Glasgow has removed 35 nursery teachers but Ms Hyslop promised to restore the place of pre-school teachers as part of a revitalised early years strategy. The party wants to double the entitlement to nursery education and care for three and four-year-olds.
The party also plans to cut class sizes in P1-P3 to 18, although it will be left to teachers to decide the most appropriate figure.
Unveiling a consultation document on education in Edinburgh, Ms Hyslop promised to launch a review of school hours shortly after taking over the education hotseat but said there was no "radical rip up and change agenda".
Many aspects of Scottish education were working well and the SNP would build on that. A key theme would be "elective afternoons" to help schools function more effectively and create space for extra-curricular activities. This would dovetail with a focus on health and sport.
Ms Hyslop said that schools in the Lothians already shut at lunchtimes on Fridays and parents would appreciate more organised activities.
In line with that, the SNP is also proposing a guarantee of one week of outdoor education for all pupils and two hours of physical education a week. A further addition is the piloting of free school meals in primary.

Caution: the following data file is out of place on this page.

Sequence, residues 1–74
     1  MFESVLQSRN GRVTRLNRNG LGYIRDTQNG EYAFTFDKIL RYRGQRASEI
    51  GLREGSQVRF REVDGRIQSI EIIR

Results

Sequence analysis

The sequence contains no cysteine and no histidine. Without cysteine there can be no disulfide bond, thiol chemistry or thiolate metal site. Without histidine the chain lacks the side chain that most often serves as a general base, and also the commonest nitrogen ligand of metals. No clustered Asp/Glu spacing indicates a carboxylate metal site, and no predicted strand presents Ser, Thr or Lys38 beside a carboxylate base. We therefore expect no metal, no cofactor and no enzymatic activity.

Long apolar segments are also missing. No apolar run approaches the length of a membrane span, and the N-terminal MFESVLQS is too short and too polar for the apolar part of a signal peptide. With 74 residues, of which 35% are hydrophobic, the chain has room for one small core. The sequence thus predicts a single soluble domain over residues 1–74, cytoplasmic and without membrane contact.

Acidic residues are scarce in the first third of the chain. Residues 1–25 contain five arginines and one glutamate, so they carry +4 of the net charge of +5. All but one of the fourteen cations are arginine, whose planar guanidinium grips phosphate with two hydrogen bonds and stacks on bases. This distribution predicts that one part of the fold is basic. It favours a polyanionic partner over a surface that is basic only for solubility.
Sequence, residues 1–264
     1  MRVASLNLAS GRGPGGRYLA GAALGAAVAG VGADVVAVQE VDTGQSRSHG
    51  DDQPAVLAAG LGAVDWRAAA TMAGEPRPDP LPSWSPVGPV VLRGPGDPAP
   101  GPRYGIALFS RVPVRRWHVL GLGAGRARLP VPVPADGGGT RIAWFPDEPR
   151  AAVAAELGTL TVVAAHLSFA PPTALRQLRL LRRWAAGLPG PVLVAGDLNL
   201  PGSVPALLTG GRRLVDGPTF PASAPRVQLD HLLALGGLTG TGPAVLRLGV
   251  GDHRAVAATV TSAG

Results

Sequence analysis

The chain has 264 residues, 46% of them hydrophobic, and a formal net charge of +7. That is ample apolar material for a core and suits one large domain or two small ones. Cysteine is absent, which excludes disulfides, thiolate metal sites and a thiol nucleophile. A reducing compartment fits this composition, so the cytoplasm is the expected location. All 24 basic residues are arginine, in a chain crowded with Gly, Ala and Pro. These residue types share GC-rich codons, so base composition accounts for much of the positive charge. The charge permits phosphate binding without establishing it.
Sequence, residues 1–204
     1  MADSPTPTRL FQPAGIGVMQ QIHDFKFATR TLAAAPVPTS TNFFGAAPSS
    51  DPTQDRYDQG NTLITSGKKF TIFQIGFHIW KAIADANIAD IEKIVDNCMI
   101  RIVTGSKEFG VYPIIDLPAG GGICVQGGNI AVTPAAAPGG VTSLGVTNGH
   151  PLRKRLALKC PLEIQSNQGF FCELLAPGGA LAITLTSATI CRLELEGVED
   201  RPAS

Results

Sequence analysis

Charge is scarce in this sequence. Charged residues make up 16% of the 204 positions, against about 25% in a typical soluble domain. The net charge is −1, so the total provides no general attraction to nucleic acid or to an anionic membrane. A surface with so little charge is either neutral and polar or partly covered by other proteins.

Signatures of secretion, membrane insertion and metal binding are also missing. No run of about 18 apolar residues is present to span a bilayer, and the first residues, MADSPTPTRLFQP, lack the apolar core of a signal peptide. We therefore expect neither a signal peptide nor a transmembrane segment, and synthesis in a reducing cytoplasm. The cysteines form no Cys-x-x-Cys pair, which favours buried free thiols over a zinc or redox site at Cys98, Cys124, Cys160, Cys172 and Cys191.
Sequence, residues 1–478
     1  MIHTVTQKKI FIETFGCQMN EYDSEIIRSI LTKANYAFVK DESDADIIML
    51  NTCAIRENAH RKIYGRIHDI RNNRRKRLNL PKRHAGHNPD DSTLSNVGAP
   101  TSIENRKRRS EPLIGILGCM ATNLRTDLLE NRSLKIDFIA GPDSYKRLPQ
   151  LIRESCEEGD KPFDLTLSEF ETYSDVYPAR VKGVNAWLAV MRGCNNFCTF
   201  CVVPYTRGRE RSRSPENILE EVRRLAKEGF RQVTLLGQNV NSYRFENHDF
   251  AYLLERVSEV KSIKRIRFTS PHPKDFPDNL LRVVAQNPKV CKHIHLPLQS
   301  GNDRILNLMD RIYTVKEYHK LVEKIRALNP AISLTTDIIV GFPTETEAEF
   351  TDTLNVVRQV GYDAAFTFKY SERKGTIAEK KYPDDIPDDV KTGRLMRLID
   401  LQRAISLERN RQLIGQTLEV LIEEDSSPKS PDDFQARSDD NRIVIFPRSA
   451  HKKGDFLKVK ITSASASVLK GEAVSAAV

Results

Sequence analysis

Scottish pupils, Ms Hyslop said, spent more time in school than counterparts elsewhere in the western world - 1,000 hours against the average of 750 - but questions remained about the use of that time. In secondary, much of it was wasted moving between classrooms.
More controversially, the SNP is sticking with its belief in a baccalaureate for senior students, although Ms Hyslop maintained this was more about repackaging existing Higher Still courses.
On the international front, the party is backing more language teaching earlier in primaries, "rather than a short, fast focus in early secondary".
The SNP also supports the current Scottish Executive position on specialist schools but wants to extend the policy by encouraging all secondaries to develop at least one specialism.
In a "hedge the bets" policy, the party would back a review of mainstreaming and inclusion to ensure children with special needs have an appropriate choice. "Some pupils can be as isolated in a mainstream class as a special school," Ms Hyslop said.
A spokesperson for the Scottish Labour Party said: "Typically this offers nothing new from the SNP and the simple fact remains that their policy of independence would mean real cuts in core public services such as education."
Lord James Douglas-Hamilton, Scottish Conservative education spokesman, criticised the plans to encourage every school to specialise in a particular subject area.
Lord James said: "We have long called for specialist schools. But how can you have an effective specialist school if parents and pupils don't have some choice in which one they attend? Why should a budding scientist be forced to go to a language school?"